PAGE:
These prejudices include:
- Race, skin colour, ethnic origin, nationality (including against gypsies and travellers).
- Religion and faith (or lack of religious belief).
- Gender identity (including transgender, transsexuals and transvestites).
- Sexual orientation.
- Disability (including physical disabilities, sensory impairments, learning disabilities and mental health issues).
Hate crime abuse often includes:
- Physical attacks, such as assaults.
- Vandalism, criminal damage, graffiti or arson.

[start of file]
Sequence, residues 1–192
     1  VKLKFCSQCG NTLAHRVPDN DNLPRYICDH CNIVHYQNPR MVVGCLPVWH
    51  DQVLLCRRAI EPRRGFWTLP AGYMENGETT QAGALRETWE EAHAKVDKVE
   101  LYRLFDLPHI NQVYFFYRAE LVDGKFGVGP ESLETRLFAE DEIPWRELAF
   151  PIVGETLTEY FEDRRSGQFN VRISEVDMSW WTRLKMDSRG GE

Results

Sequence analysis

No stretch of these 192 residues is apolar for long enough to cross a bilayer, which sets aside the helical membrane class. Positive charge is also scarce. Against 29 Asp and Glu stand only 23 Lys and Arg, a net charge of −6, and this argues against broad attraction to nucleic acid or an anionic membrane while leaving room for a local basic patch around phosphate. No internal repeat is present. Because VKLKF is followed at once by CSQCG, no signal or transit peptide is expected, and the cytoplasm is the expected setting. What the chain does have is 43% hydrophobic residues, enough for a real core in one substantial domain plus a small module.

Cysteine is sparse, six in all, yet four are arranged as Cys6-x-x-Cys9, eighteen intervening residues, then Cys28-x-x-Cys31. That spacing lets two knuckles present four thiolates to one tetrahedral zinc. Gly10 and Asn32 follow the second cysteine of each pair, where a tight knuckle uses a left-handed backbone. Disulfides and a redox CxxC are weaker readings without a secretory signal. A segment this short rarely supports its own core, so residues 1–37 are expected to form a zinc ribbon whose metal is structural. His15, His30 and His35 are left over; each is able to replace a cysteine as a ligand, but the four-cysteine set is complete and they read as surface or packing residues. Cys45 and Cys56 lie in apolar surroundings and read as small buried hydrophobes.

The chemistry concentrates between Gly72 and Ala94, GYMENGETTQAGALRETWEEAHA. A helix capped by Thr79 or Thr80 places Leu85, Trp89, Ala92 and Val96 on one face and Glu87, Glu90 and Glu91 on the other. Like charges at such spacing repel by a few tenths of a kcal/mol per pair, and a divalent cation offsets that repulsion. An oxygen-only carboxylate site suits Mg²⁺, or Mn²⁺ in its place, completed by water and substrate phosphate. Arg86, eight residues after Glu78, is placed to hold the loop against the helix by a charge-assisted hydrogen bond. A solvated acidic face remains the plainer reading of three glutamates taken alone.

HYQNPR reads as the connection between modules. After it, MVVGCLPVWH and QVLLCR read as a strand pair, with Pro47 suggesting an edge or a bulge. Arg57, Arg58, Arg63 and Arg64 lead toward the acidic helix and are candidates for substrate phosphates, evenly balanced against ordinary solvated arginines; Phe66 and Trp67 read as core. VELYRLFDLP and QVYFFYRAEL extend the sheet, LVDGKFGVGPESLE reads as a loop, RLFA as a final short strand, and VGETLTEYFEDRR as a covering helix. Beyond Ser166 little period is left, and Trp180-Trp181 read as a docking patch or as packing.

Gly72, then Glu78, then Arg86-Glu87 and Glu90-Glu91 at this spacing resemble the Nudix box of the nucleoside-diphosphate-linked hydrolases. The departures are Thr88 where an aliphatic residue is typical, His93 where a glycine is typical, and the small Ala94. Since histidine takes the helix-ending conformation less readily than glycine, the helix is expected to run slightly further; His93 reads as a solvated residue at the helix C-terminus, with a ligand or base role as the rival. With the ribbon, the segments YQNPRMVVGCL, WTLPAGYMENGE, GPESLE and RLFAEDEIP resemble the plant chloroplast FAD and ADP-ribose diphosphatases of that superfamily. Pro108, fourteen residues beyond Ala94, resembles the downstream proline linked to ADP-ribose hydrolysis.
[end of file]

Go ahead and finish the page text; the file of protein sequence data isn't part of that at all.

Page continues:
- Verbal abuse or abusive gestures.
- Offensive communications.
- Threats of an attack.
- Financial exploitation.
How you may be affected
We’re all different but feeling worried, isolated, scared or ashamed are all perfectly normal. Being a victim of a hate crime can be upsetting as you have been targeted because of who you are, or who or what your attacker thinks you are.
Hate crimes are often not reported because the victim feels trapped and alone. The truth is, they can happen to anybody and there is always a way forward.
You may feel alone and that no-one can help, but just talking to someone here about what you are going through will make you realise that there are people on your side. We can help you understand what is happening and guide you to specialist organisations who will support you moving forward.